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In the face of this unprecedented global crisis that brings into focus all things we take for granted, and all ways in which we have lost touch with ourselves and each other, here is a checklist of things we might want to remind ourselves of and a little toolbox of ways we can cope. 

It is certain that a pandemic of this nature is disorienting, isolating and anxiety-provoking, to say the least. However, it is also an opportunity to look inward to reevaluate our priorities and remind ourselves that we are all in this together. To minimize your stress and a feeling of doom and gloom, here are some things you can do to help your day-to-day existence in the time of a global quarantine:

Limit your exposure to news and social media. It’s one thing to stay informed, but it’s quite another to have a running commentary of doom and gloom in the background.

Make a list of daily tasks so you can stay productive. 

Remember to make time for socializing even if it’s via video conference. Call friends and loved ones and make a point to discuss things beyond COVID-19.

Connect with your family and children; play board games, puzzles, charades, and cards.

Get creative. This is a perfect time for art projects. If you feel scared, create a visual, verbal, or audio representation of your emotional experience. It is a healthy way to process feelings.

Journal. We are experiencing a historic moment. It is a good time to document what is happening so we can remember and learn.

Spend some time outdoors in nature. It’s good to air out the virus, as well as get some vitamin D, fresh air, and physical exercise.

Teach yourself something new: an instrument, a song, a language, or a craft.

Take care of those little household projects now that you finally have the time: paint a wall, clean your garage, fix that door handle.

• Take a few minutes out of your day to make a mental list of things you are grateful for. Gratitude helps ground us and gives us a better perspective on our lives. It is also clinically proven to regulate stress hormones and lower anxiety.

Communal reading of fantasy novels, poetry, short stories with comic relief and other entertaining literature can be extremely soothing, especially for the young ones in our families. It brings us together in an integral, primal way that entails a powerful sense of familiarity and safety. Since the dawn of days, humans congregated to share stories together; we gather around a fire to share, distract and entertain ourselves.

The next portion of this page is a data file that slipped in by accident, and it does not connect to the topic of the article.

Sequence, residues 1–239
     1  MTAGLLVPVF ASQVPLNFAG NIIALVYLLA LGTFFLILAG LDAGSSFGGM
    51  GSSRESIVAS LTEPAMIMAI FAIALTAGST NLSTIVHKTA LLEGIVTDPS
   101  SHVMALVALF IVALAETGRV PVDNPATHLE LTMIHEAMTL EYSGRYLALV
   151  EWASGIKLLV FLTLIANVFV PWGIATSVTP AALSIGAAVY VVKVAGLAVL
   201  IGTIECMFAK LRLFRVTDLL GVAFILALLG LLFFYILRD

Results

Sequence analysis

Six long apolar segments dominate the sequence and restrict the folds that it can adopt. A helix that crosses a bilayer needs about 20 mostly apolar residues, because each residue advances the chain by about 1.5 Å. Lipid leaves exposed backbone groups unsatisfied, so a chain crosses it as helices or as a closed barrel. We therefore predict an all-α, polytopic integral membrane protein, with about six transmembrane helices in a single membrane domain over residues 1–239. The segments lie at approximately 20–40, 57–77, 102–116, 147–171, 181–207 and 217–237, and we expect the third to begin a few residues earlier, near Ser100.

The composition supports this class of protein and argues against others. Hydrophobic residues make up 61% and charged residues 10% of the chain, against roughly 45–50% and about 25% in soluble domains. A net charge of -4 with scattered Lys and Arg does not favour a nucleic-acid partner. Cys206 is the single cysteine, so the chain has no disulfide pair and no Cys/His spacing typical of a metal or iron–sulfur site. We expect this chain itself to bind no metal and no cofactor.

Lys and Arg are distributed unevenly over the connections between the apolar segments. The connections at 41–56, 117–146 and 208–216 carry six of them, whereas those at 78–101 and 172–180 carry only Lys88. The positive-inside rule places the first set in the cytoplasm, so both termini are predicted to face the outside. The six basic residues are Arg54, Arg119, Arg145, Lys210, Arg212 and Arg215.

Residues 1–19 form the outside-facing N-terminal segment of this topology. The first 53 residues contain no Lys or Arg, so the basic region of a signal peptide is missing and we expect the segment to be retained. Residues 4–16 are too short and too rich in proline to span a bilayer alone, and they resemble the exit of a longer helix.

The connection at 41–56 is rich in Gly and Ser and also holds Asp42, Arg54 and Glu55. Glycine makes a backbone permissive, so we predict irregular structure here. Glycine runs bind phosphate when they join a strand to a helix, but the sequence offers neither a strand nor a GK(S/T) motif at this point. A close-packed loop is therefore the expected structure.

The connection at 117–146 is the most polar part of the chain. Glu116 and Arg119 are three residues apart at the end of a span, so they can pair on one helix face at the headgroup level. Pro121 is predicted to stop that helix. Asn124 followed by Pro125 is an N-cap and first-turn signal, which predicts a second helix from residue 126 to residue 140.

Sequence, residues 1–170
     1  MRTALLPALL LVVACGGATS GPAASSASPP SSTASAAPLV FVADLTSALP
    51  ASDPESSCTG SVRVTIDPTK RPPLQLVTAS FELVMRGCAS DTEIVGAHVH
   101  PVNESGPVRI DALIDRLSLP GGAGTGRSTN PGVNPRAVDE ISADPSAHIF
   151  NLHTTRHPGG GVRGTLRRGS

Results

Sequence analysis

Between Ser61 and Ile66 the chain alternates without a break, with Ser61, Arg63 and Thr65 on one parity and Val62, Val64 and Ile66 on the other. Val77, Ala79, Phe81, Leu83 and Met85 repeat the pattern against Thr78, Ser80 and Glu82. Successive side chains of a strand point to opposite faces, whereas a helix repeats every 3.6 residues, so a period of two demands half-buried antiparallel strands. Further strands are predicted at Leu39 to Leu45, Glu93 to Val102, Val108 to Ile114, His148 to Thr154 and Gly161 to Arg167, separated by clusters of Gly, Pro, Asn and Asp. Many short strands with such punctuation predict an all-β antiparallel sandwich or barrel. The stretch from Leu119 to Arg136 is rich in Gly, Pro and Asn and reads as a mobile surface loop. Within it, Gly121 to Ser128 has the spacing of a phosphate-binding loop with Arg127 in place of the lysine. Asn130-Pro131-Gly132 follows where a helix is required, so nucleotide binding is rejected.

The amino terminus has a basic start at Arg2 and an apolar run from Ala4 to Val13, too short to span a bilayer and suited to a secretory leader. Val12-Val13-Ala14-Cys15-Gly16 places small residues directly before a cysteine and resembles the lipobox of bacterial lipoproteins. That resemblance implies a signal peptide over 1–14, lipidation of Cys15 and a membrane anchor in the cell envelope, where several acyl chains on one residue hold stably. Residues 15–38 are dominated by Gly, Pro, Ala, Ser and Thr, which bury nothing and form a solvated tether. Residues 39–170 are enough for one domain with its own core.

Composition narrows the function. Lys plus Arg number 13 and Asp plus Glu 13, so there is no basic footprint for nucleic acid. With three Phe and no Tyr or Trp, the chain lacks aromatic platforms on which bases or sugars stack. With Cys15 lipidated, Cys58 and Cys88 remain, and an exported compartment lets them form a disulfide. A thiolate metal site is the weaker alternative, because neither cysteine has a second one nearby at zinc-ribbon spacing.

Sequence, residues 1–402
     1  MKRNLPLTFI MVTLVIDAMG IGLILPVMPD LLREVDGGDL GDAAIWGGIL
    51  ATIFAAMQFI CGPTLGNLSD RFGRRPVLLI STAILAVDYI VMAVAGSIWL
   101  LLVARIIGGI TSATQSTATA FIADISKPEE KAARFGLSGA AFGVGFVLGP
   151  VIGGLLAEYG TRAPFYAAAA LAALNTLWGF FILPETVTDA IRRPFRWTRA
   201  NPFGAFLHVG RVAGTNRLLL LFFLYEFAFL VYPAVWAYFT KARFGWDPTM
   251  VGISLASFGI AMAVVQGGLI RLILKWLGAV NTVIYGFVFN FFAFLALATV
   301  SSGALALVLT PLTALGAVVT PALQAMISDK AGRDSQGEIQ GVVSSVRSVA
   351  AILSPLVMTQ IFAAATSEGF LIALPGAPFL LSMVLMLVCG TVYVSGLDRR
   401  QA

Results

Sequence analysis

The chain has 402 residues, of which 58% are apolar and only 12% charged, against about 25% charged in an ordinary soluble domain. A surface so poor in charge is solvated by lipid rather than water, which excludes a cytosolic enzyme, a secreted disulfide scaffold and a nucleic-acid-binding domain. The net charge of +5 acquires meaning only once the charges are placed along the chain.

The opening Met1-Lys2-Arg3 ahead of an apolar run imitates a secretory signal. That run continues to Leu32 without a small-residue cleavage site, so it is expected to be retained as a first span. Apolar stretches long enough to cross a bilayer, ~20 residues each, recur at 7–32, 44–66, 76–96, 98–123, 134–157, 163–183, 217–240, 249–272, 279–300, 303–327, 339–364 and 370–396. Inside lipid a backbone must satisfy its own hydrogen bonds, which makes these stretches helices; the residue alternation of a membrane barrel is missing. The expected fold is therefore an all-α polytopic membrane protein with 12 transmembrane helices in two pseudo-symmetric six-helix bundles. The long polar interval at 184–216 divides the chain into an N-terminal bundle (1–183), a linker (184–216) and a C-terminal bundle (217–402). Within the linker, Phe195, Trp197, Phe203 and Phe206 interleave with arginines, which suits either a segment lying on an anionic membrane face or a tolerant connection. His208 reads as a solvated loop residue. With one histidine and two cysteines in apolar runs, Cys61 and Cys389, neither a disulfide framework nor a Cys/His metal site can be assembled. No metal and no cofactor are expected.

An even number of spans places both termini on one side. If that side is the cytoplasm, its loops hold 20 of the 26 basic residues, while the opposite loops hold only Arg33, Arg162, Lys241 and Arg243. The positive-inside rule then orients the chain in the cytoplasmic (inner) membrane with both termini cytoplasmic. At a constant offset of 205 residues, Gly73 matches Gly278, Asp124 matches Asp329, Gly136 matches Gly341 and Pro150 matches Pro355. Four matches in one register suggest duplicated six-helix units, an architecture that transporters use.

Play music and move your body. It releases endorphins which are happy chemicals in your brain. Anxiety actually lowers our brain function and prevents us from being able to utilize all of our cerebral resources. To make sound decisions, it is important to manage stress.

Meditate. Deep breathing, concentration/focusing, and relaxation techniques restore our hormone levels and nervous system functioning. UCLA’s website offers free meditation and audio recordings (visit uclahealth.org/marc/mindful-meditations), and you can find guided meditations on apps such as Headspace and Calm. 

Yoga, stretching and other in-home exercise routines are extremely important to keep your body in good shape while in self-isolation. Make a point to accelerate your heartbeat for at least 15 minutes a day. This is good for your lungs, heart, and blood flow, which promotes healing, collagen production and cell regeneration in your skin, as well as improves blood pressure and heart function.

Last but not least, please remember, humanity is built on its ability to survive. We as a civilization have weathered worse situations with far less resources. We have plenty of historical examples where isolation and hardship brought forward outstanding growth and transformation. Pain is a divine opportunity for evolution and transcendence. spt

Sophie Schoenfeld

Sophie Schoenfeld, MFT is a local marriage and family therapist. For more info, visit sophiemft.com.

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